This week, we are screening Dziga Vertov’s influential experimental film Man With A Movie Camera (1929) with a score performed by Alloy Orchestra (per instructions left by Vertov). While I don’t have access to what he wrote, I gather that the athletics scene was probably supposed to involve mickey-mousing to some degree.
As you watch, you will note the use of gongs each time the athlete accomplishes their task: the discus is released, the hammer is thrown, and the bar is cleared. Over and over. The mechanical movements involved in Olympic style athletics emphasize that moment of arrival and release in slow-motion.
Many of you have already noted in your responses that much of the musical accompaniment in this film emphasizes the various aspects of industrialization, especially machines and their relationship to the heights of human civilization. Vertov himself envisioned the melding of one particular machine to humanity; his theory of the Кино-глаз (cinema-eye or camera-eye) claimed that the camera’s eye was superior to the human eye in grasping the world as it really is. Cinema would help humanity evolve to a superior form, an “electric man” as it were, and his films would broadcast the Leninist-Marxist message across national barriers (keep in mind, this was long before television). Film, from his perspective, was being corrupted by romance and narrative and the kinoks (cinema-eye) followers were going to rescue it and make it useful to humanity.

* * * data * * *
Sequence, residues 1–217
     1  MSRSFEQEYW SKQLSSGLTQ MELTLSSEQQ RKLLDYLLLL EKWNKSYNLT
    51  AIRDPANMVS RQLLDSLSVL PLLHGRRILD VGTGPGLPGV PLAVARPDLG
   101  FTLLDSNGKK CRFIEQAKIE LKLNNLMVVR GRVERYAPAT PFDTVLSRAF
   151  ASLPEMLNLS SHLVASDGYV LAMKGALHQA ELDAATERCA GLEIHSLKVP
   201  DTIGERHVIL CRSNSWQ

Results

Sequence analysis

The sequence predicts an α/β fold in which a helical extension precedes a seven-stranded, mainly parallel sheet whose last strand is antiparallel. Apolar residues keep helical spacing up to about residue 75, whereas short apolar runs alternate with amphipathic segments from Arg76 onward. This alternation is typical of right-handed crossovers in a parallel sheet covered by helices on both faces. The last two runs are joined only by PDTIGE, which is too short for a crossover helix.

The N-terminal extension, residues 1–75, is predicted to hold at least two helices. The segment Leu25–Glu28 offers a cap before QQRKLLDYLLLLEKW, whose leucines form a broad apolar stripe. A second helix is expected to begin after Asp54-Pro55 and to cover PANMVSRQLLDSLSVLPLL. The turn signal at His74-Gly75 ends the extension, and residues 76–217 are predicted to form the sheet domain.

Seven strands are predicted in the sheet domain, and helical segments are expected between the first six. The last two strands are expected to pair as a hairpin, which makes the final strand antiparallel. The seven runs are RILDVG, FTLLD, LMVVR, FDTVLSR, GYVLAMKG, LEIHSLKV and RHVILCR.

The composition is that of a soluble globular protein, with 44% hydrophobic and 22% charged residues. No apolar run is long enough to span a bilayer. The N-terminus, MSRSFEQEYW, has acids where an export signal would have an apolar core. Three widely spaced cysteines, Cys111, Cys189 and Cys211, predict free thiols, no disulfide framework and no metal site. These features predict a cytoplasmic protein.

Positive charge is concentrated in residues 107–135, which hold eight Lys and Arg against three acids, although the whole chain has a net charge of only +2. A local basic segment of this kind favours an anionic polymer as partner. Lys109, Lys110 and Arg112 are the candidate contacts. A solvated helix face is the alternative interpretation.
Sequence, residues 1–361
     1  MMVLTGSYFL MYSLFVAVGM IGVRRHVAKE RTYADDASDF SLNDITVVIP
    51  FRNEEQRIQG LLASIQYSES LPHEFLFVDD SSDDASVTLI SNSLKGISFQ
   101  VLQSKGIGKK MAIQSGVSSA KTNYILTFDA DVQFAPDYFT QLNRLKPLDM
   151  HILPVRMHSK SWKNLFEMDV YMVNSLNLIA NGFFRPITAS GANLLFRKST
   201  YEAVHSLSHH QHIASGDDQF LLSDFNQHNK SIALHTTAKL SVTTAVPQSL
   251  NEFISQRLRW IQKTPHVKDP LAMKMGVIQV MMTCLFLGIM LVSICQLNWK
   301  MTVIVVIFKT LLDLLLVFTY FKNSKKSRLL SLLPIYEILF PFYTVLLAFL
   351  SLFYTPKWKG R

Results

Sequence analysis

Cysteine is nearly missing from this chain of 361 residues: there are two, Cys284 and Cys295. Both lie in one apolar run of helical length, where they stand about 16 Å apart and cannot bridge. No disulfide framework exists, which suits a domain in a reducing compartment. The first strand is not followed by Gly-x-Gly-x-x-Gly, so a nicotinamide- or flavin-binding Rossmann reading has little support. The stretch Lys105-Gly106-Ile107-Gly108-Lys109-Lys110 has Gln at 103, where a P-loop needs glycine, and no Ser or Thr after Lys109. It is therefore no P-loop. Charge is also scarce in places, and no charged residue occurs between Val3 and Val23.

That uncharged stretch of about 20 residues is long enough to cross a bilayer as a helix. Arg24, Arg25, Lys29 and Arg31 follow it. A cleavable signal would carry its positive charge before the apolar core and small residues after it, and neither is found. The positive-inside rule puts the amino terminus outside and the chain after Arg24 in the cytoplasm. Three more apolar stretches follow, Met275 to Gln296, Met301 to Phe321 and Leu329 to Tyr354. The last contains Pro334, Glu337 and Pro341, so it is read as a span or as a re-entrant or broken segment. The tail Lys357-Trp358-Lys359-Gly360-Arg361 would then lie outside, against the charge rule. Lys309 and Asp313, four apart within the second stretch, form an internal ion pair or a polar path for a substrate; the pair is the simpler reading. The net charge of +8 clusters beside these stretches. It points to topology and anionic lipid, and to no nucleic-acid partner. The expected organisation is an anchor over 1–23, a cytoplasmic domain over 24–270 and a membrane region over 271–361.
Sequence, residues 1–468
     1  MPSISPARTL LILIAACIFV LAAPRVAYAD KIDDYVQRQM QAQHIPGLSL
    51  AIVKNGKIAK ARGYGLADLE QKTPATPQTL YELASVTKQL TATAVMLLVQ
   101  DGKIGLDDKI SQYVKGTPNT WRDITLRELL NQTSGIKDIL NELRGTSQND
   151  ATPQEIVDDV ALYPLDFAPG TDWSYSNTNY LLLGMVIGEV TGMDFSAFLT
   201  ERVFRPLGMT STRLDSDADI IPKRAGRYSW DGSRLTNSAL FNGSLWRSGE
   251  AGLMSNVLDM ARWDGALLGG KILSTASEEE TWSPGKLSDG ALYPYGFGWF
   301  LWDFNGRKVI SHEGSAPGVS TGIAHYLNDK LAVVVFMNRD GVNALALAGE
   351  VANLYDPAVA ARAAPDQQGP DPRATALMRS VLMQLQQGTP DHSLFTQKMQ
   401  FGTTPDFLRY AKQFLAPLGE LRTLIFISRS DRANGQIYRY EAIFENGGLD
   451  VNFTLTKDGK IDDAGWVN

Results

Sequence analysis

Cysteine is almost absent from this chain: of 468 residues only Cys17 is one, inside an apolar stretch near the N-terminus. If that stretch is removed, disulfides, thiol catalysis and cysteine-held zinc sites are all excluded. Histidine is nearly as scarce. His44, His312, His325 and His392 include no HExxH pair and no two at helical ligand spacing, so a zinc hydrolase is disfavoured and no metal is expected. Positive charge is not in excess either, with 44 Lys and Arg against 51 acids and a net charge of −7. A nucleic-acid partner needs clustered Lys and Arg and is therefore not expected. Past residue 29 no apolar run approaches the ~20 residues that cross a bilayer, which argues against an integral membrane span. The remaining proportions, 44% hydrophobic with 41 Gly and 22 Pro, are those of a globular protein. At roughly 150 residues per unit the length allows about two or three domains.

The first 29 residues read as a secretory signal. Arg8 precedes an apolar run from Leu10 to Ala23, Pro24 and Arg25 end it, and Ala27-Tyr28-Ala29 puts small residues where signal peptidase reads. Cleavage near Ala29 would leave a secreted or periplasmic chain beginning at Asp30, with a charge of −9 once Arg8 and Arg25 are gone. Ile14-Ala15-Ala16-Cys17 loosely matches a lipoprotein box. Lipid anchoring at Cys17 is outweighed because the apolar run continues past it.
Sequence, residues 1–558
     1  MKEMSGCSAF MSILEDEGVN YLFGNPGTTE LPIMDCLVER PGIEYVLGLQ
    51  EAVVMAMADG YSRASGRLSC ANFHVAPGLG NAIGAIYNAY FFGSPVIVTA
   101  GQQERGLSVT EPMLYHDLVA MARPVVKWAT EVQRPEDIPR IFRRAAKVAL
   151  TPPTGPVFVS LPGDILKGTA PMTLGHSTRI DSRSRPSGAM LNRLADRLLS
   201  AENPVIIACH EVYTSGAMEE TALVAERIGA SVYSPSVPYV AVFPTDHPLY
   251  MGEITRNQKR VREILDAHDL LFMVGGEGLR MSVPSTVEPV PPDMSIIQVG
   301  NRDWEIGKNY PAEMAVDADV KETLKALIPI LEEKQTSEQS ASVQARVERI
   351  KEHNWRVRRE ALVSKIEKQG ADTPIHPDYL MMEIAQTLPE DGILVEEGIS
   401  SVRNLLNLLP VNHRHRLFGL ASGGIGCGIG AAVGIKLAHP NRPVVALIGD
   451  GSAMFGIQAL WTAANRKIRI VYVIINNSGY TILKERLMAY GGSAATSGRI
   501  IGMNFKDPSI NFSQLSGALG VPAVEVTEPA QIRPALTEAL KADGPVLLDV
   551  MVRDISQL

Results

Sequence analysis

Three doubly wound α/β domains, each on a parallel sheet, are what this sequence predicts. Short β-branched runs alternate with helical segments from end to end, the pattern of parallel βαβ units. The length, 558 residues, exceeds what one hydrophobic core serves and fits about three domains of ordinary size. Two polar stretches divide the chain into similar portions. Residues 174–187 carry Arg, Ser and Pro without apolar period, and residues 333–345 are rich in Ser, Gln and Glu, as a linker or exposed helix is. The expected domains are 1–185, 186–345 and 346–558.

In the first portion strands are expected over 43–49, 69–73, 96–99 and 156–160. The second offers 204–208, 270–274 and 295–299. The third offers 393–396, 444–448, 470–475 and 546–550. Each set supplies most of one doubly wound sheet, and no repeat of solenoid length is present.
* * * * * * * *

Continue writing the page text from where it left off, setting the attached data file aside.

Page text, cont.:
In this montage of athletes going through their motions through a demonstration of good form (throwing discus and hammer is as much about graceful form as it is about strength), he accentuates their arrival through that gong. They are electric. First he slows down the discuss thrower, high-jumpers and pole-vaulters (the orchestra follows suit by slowing down the tempo), as he intercuts shots of spectators at normal speed not paying too much attention – they can enjoy the spectacle, but they are incapable of slowing down what they see note the beauty of the mechanical form. And then he stops the sequence in the middle of some hurdlers. The music stops with them. Again he stops a horse and the music follows suit. Soon after, the music and the athletic sequences speed up and the gong takes on a very different function.
This might make an audience member wonder what exactly Vertov is getting at in this sequence (and, presumably, in his instructions to the orchestra). One of the things that makes celluloid superior to the human eye is that you can slow it down, and stop it to see movement in more detail, to admire physical forms, and take in more of what is happening. You can filter or overlay the image to emphasize or reveal aspects of the picture that are not apparent to the naked eye. Perhaps this is why so many smart-phone users love taking and sharing photos; they can not only record what’s happening around them, but they can also capture ephemeral moments when the natural world takes on artistic forms through the frame of the shot.
Vertov may have had some outlandish (yet influential) ideas. Yet, he understood that there are aspects to cinema that can emphasize rapid movements. Here, he shows how moments that are just too quick for the naked eye to take in without the director’s framing, editing, can also be emphasized through the score’s mickey-mousing.